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France pledges to “influence” removal of Sudan from US terror blacklist

Le Drian was in Khartoum for a one-day visit, the first such trip to Sudan by France’s top diplomat in more than a decade.

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France pledges to "influence" removal of Sudan from US terror blacklist
France's Foreign Minister Jean-Yves Le Drian and Minister of Foreign Affairs of Sudan, Asma Mohamed Abdalla hold a press conference after their meeting in Khartoum, Sudan on September 16, 2019. Mahmoud Hjaj / Anadolu Agency

French Foreign Minister Jean-Yves Le Drian said Monday that France will press to drop Sudan from the US blacklist of state sponsors of terrorism and to support efforts to reintegrate the country into the international community.

Le Drian was in Khartoum for a one-day visit, the first such trip to Sudan by France’s top diplomat in more than a decade.

His visit comes as the country transitions to civilian rule after decades of authoritarianism.

“We will use our influence to ensure that Sudan is removed from this list,” Le Drian said at a joint press conference with his Sudanese counterpart Asma Mohamed Abdalla after the two held talks.

“It is the way to ensure that we can consider a new relationship (for Sudan) with financial institutions, everything is obviously linked,” he said, asked by reporters if France would back efforts to remove Sudan from Washington’s blacklist.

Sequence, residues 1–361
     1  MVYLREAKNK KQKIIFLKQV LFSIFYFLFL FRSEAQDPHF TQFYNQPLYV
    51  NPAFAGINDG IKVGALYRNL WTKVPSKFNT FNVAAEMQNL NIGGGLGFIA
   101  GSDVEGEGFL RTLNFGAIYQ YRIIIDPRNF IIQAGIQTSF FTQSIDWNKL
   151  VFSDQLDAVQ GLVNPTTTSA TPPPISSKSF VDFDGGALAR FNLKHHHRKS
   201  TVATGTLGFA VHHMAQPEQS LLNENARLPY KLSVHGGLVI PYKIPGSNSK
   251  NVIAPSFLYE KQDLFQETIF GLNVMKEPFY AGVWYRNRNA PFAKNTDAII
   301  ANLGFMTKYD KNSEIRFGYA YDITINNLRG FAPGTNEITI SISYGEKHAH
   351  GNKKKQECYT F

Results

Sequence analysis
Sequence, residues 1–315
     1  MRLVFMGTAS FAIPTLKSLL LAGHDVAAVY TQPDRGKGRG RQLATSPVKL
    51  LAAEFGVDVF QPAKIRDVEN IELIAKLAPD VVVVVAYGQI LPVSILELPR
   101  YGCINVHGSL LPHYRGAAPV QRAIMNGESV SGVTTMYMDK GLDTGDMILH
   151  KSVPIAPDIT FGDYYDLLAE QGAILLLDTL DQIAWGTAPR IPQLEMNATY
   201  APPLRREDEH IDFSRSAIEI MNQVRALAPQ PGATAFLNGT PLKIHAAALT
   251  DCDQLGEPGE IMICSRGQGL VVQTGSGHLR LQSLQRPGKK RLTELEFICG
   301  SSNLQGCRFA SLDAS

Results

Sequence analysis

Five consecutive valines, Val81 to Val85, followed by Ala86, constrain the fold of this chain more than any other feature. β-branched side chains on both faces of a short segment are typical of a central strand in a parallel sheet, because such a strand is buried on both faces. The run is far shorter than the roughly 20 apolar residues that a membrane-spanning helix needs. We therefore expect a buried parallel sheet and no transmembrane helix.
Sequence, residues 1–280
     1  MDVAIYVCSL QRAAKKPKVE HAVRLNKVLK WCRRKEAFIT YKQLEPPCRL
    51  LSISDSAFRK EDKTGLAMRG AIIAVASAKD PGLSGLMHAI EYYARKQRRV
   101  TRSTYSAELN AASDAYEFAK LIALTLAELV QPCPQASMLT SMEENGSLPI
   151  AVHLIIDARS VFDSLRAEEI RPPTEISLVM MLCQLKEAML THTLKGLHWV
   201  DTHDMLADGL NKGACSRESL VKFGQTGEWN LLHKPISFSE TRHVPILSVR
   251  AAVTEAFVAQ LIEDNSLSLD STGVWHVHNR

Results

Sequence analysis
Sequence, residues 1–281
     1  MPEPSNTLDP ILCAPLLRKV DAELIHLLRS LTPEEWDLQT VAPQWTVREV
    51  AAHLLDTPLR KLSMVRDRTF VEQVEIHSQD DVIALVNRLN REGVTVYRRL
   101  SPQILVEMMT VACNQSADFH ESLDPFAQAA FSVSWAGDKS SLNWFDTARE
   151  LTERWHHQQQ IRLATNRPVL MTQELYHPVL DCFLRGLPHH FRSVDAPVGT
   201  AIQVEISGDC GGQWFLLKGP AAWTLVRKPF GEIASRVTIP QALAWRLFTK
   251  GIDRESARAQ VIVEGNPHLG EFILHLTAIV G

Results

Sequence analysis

Decades of US blacklisting along with a trade embargo imposed on Sudan in 1997 has kept overseas investors away from the country, in turn isolating it from the global economy.

Sudan’s worsening economic situation was the key trigger for nationwide protests that finally led to the ouster of longtime ruler Omar al-Bashir in April.

Washington lifted the sanctions in October 2017, but kept Sudan in the terrorism list along with North Korea, Iran and Syria.

Washington’s measures were imposed for Khartoum’s alleged support for Islamist militant groups.

Al-Qaeda founder, Osama bin Laden resided in Sudan between 1992 and 1996.

France pledges to "influence" removal of Sudan from US terror blacklist
France’s Foreign Minister Jean-Yves Le Drian meets Sudanese Prime Minister Abdalla Hamdok in Khartoum, Sudan on September 16, 2019. Mahmoud Hjaj / Anadolu Agency

Le Drian said the pivotal role played by Sudan’s army in the uprising against Bashir would help in removing Sudan from the US blacklist.

“The way the army perceived its role during this period, (that) goes in the direction of removing Sudan from this list,” he said.

The army overthrew Bashir in a palace coup on April 11 on the back of months of nationwide protests.

But a military council seized power after ousting him and for months resisted calls from protesters to transfer it to a civilian administration.

Only last month after sustained agitation, a joint civilian-military sovereign council was sworn in to oversee Sudan’s transition to civilian rule, the key demand of protesters.

On September 8, Sudan’s first cabinet led by Prime Minister Abdalla Hamdok was sworn in to run the daily affairs of the country.

During his short visit to Khartoum, Le Drian also met Hamdok and General Abdel Fattah al-Burhan, head of the civilian-military ruling council.

Le Drian also reiterated French support for Sudan’s priorities such as rebuilding the economy and striking peace agreements with rebel groups in conflict zones of Darfur, South Kordofan and Blue Nile states.